This review examines deoxyadenosylcobalamin (Ado-B) biosynthesis, transport, use, and uneven distribution among living forms. We describe how genetic analysis of enteric bacteria has contributed to these issues. Two pathways for corrin ring formation have been found–an aerobic pathway (in ) and an anaerobic pathway (in and )–that differ in the point of cobalt insertion. Analysis of B transport in reveals two systems: one (with two proteins) for the outer membrane, and one (with three proteins) for the inner membrane. To account for the uneven distribution of B in living forms, we suggest that the B synthetic pathway may have evolved to allow anaerobic fermentation of small molecules in the absence of an external electron acceptor. Later, evolution of the pathway produced siroheme, (allowing use of inorganic electron acceptors), chlorophyll (O production), and heme (aerobic respiration). As oxygen became a larger part of the atmosphere, many organisms lost fermentative functions and retained dependence on newer, B functions that did not involve fermentation. Paradoxically, spp. synthesize B only anaerobically but can use B (for degradation of ethanolamine and propanediol) only with oxygen. Genetic analysis of the operons for these degradative functions indicate that anaerobic degradation is important. Recent results suggest that B can be synthesized and used during anaerobic respiration using tetrathionate (but not nitrate or fumarate) as an electron acceptor. The branch of enteric taxa from which spp. and evolved appears to have lost the ability to synthesize B and the ability to use it in propanediol and glycerol degradation. spp., but not , have acquired by horizontal transfer the ability to synthesize B and degrade propanediol. The acquired ability to degrade propanediol provides the selective force that maintains B synthesis in this group.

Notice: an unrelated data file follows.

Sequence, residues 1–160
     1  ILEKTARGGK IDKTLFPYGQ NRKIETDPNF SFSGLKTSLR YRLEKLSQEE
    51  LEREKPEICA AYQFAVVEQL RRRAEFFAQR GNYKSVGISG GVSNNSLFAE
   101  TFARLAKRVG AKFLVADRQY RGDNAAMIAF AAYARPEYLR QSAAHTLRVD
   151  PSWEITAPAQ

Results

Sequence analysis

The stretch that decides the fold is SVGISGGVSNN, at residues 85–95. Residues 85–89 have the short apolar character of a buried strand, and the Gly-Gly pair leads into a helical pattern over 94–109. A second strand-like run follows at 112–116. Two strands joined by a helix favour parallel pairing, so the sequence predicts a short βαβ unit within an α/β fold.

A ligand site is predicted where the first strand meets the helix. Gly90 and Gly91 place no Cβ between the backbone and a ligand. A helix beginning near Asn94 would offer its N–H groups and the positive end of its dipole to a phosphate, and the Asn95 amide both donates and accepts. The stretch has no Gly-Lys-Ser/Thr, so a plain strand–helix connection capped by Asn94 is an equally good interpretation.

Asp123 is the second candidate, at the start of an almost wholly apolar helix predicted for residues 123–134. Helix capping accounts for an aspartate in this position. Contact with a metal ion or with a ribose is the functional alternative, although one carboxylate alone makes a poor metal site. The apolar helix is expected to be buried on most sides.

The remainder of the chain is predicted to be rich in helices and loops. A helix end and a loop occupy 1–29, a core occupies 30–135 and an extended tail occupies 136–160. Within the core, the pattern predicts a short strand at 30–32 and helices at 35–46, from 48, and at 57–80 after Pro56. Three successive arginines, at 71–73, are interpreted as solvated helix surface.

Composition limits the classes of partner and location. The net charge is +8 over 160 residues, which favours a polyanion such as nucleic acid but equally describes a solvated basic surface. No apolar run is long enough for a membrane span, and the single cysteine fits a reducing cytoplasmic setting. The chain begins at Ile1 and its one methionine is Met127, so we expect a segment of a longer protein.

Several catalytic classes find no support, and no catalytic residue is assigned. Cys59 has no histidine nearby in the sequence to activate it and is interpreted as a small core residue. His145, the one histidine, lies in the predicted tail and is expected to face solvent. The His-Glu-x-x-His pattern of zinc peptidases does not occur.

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  • Article Type: Review Article
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